AN ISCHIAN MYSTERY.
When the world reads this it will in all probability put me down as a madman, but in this as in many other instances the world will be wrong.
It would be no wonder if I was mad after what I passed through, yet I do not think at any time my senses were clearer than they are at present.
When the world has a chance (and it usually has) of saying anything good or bad about a man or woman it will generally choose the latter, and I do not blame it; for taking the general run of men and women (I cannot leave them out) there is far more bad (luckily never seen or shown), than there is of good which is paraded on the surface for the world to see, and each individual knowing how much he or she conceals, at once judges others by himself or herself.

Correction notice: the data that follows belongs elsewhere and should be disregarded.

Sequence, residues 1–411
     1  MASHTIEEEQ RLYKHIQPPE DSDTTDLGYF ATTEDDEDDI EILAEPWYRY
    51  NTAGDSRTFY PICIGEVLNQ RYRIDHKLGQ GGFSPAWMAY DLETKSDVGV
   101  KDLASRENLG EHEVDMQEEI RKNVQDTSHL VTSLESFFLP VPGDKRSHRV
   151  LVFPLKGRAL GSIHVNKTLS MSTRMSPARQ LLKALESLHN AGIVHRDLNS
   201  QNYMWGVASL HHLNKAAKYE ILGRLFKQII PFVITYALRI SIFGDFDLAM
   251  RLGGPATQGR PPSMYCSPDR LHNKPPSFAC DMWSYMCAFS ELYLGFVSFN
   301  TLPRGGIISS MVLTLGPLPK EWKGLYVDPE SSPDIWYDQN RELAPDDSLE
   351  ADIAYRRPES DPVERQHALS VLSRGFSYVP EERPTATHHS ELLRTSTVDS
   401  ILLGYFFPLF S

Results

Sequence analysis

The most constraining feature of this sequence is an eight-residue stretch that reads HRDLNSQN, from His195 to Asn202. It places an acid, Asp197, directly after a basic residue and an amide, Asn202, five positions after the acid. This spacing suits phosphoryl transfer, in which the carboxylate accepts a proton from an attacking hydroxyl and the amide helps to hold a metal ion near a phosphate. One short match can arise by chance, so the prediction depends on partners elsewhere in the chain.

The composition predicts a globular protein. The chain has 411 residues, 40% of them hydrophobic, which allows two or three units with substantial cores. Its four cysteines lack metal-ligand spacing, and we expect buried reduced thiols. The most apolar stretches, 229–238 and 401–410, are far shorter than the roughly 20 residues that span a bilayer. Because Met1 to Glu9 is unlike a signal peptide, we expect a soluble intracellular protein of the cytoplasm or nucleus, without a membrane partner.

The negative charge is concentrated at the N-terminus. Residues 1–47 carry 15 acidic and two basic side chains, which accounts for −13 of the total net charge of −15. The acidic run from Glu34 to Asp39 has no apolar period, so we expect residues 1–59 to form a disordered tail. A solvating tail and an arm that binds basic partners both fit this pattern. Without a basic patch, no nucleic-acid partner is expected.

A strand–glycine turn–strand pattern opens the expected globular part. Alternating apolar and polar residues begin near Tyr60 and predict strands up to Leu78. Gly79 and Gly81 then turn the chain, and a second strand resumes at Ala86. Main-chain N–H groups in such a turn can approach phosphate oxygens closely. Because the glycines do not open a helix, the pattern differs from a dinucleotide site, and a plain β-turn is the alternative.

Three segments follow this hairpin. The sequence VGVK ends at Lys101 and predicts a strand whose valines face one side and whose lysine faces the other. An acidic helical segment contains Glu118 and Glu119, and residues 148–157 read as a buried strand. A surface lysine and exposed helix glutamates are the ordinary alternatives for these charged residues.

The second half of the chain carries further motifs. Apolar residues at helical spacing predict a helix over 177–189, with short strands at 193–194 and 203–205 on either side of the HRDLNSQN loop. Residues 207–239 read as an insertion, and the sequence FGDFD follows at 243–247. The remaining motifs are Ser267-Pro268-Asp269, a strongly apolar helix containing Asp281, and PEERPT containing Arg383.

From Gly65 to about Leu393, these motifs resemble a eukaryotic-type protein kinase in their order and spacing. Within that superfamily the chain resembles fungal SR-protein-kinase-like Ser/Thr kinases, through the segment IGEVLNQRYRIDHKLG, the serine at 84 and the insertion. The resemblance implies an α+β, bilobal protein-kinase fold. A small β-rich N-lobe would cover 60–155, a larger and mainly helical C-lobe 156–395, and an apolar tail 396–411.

However, for what the world will say I care nothing; in fact when this is published I shall probably be where the opinion of the world can